To harvest coral mushrooms, use a sharp knife to cut the stem as close to the ground as possible. Be gentle while handling corals, they are as delicate as they look! As you gather each mushroom, take a moment to thoroughly inspect each one and to remove as much dirt as possible in the field. I sometimes carry a small clean paintbrush in my basket for just this purpose. Cleaning your mushrooms in the field will save you a ton of work later on!
When foraging mushrooms, gather your harvest into a sturdy and breathable container, such as a basket or cloth bag. Piling mushrooms into a plastic bag is the worst thing you can do. Small buckets with handles are good containers, but only if you drill holes into the bottom and sides first.
Once you get your bounty home, you will want to sort and clean them. It is often said that one should avoid wetting mushrooms, but I find that a quick dip-and-swish in a sink full of clean water really gets the grit out corals without breaking too many of the tender branches.
Once clean, the mushrooms are set on cloth or paper towels for one to several hours to dry completely (mostly because I don’t want ice crystals forming on them in the freezer!). After they’re dry to the touch, I chop them up, put them into quart-sized zip-top bags and freeze them. No blanching and no pre-cooking needed. And when dinner time rolls around I grab a bag, give it a good thwack to break up the chunks, take as much or as little as I need and then just toss the bag back in the freezer! Done!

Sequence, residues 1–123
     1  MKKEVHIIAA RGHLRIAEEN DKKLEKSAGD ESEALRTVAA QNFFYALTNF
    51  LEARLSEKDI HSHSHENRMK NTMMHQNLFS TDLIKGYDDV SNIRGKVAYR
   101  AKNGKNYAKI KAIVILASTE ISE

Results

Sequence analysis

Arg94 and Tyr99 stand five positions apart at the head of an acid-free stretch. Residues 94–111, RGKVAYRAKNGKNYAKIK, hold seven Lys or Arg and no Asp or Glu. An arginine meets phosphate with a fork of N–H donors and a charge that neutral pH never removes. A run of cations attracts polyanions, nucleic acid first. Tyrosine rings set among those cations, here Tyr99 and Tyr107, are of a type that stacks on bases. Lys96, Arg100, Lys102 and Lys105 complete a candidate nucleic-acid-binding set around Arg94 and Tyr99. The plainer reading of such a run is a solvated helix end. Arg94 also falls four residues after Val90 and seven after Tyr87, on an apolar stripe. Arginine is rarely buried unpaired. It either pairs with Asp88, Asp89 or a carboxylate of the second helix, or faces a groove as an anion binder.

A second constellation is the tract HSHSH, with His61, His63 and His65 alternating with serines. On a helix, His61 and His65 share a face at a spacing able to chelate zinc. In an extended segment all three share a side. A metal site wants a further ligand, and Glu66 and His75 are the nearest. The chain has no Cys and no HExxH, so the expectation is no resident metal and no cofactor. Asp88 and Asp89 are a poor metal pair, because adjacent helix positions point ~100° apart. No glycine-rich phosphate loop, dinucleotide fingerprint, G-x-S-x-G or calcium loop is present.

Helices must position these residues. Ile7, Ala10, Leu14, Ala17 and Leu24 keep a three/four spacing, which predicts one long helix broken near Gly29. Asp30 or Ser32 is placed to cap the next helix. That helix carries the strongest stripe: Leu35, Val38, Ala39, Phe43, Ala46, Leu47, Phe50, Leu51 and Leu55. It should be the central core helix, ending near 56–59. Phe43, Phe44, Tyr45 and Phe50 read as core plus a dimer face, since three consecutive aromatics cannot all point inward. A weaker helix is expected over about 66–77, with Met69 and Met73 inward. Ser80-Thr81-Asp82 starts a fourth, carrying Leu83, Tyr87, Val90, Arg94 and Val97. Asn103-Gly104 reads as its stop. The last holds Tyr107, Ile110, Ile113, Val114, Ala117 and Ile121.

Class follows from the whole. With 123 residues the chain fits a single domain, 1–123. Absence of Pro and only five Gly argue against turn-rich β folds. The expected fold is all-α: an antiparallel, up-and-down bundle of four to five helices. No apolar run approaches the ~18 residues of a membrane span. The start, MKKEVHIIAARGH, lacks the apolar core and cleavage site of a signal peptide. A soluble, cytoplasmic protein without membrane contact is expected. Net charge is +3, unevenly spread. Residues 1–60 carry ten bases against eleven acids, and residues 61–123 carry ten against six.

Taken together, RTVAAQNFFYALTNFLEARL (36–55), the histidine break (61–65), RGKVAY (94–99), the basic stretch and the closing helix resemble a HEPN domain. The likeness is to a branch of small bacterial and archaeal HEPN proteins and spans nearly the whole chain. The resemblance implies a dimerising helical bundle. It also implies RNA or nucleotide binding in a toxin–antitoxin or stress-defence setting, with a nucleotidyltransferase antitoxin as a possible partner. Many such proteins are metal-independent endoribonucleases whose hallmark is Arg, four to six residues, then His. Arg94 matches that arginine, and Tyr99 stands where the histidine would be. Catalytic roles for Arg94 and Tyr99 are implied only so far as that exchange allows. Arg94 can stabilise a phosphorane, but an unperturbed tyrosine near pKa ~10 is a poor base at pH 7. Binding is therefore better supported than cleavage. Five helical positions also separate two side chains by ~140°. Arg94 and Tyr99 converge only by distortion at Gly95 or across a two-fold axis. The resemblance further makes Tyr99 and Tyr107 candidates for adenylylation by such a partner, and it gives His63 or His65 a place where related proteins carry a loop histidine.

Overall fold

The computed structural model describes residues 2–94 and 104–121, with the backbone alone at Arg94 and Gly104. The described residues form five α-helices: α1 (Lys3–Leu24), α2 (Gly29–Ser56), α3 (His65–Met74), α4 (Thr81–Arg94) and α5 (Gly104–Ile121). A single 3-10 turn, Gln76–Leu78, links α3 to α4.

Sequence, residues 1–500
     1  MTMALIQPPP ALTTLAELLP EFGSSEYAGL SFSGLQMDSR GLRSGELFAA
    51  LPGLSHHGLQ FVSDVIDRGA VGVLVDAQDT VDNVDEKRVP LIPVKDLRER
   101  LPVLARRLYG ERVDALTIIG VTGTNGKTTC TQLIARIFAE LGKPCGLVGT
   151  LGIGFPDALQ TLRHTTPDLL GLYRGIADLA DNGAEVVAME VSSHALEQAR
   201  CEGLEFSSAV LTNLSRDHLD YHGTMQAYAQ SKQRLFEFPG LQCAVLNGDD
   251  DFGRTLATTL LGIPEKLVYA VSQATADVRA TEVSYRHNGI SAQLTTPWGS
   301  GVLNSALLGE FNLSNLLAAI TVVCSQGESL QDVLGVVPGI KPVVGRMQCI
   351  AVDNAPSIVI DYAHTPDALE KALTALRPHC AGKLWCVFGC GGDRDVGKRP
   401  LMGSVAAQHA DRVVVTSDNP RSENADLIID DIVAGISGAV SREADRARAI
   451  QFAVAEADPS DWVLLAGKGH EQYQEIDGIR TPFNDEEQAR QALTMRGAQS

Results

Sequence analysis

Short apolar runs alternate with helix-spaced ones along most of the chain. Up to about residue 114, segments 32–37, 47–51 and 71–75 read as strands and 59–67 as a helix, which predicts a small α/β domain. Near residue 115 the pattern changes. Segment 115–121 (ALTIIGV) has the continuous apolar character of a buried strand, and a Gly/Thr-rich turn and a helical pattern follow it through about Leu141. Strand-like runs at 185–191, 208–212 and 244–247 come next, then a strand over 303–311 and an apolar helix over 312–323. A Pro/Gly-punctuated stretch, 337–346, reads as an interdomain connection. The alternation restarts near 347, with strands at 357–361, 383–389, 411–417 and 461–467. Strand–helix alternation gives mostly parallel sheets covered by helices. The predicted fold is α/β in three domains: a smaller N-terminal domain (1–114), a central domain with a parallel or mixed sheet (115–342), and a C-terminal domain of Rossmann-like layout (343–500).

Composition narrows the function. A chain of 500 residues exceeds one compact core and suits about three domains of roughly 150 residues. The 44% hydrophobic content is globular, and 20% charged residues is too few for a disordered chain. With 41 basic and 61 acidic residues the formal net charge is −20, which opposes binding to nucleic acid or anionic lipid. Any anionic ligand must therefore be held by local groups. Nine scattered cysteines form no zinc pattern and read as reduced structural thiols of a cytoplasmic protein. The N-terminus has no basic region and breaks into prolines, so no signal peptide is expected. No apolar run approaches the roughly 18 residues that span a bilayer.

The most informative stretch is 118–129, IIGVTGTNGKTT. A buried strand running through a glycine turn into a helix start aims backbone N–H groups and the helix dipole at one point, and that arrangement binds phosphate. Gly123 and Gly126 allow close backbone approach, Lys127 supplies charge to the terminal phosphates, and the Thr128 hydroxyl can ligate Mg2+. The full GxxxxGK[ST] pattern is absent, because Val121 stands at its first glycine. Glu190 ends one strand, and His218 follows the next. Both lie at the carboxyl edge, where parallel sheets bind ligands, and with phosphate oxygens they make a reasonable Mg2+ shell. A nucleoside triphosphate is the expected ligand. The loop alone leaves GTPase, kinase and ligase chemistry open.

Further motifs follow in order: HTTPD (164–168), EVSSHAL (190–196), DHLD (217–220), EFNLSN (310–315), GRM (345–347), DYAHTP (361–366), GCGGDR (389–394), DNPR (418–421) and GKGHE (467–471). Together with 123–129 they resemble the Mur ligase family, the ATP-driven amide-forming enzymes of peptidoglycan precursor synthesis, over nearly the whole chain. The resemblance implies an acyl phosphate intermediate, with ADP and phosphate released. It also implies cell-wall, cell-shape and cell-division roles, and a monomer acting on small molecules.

If you like mushrooms, I probably don’t need to tell you how to use them. But if you’re new to mushroom foraging, I will assure you that you can use corals in any way you would use any other kind of mushroom. My personal favorite for corals is in mushroom and chicken soup. Double yum!
I know you’re ready to hit the woods, but before you head out be sure to check out Mushroom Expert and MDC’s links on identifying coral-tipped mushrooms. Also, American Mushrooms also has a great photo gallery for corals. And while not specifically about coral mushrooms, this USDA Field Guide to Common Macrofungi in Eastern Forests and Their Ecosystem Functions is an interesting and informative look at the various fungi and their role in a healthy ecosytem.
Until next time, happy foraging!
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© 2015 Jill Henderson Feel free to share with a link back to the original article.
Filled to the brim with colorful stories, wild walks, botanical musings, and a just a pinch of “hillbilly” humor A personal and inspiring tale of homesteading in the Ozark backwoods by noted author, naturalist and plant organic gardener, Jill Henderson.
Jill Henderson is an artist, author, and the editor of Show Me Oz . Her books, The Healing Power of Kitchen Herbs, The Garden Seed Saving Guide and A Journey of Seasons can be found in the Show Me Oz Bookstore. Jill is a contributing author for Acres USA and Llewellyn’s Herbal Almanac and her work has appeared in The Permaculture Activist and The Essential Herbal.